The Illinois and Michigan Canal, 1827–1911
A Selection of Documents from the Illinois State Archives

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April 22, 1830

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Dr. Gershom Jayne, a Springfield physician, had been born in Orange County, New York in 1791. Having served as a surgeon in the War of 1812, he came out to Illinois in 1819. Jayne, Edmond Roberts, and Charles Dunn in 1829 made up the board of canal commissioners. These commissioners in cooperation with U.S. engineers laid out the line of the canal and selected those lands along that line which the federal government donated to the State of Illinois for canal purposes, all in 1829 (see document 1, document 2, and document 3). Dr. Jayne died in Springfield in 1867.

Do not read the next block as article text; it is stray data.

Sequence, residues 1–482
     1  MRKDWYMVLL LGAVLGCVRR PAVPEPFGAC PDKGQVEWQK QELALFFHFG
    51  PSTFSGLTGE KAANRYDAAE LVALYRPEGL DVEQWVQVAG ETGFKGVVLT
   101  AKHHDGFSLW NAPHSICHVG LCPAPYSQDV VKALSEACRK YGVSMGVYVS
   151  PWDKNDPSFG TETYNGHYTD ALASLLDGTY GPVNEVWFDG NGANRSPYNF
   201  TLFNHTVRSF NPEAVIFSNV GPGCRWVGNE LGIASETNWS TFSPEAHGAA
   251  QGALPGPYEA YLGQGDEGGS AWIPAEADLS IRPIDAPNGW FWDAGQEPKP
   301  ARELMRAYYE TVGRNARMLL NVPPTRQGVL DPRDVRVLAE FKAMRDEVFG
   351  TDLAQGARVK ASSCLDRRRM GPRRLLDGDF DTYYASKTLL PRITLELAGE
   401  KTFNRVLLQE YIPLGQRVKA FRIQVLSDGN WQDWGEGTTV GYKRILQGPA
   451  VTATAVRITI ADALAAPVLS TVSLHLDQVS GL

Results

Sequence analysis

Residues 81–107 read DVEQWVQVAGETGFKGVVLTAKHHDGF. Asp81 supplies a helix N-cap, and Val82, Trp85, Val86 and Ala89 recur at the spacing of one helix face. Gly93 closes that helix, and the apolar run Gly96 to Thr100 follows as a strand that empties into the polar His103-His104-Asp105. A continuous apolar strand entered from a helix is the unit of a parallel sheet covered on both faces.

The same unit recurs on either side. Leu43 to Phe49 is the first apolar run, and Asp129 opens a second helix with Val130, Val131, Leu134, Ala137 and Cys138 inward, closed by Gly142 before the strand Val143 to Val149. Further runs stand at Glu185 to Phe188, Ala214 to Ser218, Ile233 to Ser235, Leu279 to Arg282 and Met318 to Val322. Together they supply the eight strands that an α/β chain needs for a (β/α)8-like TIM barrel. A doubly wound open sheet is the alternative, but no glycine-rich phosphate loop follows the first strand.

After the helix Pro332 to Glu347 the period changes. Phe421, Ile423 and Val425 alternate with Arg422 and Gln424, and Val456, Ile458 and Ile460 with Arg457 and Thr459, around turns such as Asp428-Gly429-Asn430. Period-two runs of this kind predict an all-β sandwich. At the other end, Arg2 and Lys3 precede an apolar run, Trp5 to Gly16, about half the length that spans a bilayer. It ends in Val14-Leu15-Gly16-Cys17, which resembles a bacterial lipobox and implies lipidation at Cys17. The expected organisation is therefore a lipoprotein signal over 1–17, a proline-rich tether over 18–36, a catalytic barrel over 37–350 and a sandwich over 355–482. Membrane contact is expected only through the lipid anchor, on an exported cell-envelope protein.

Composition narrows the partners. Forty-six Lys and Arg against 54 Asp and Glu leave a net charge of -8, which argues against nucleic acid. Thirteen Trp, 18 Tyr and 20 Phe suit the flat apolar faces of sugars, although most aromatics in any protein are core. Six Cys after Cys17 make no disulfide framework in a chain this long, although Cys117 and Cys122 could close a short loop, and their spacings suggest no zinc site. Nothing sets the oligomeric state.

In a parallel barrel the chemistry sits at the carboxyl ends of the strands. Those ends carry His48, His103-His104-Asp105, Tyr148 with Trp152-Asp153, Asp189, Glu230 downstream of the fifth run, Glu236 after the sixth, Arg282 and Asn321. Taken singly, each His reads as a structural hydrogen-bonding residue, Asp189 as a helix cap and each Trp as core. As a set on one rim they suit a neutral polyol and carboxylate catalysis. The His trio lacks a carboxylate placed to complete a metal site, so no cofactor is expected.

Early in Illinois history Chicago was not the dominate metropolitan center it is today. Although its geographical location was recognized as having tremendous potential for growth, that reality had not yet been achieved. Southern and central Illinois contained more significant population concentrations in towns such as Kaskaskia, Belleville, and Springfield.

Points to Consider

Locate Springfield, Belleville, Kaskaskia, Chicago, and St. Louis on a map.
Did Jayne's accounts add up correctly?
What mode of transportation would Gershom Jayne have used in 1829 and 1830?
If an acre of canal land sold for $1.25 at this time, did Jayne's expenses appear reasonable? Why?

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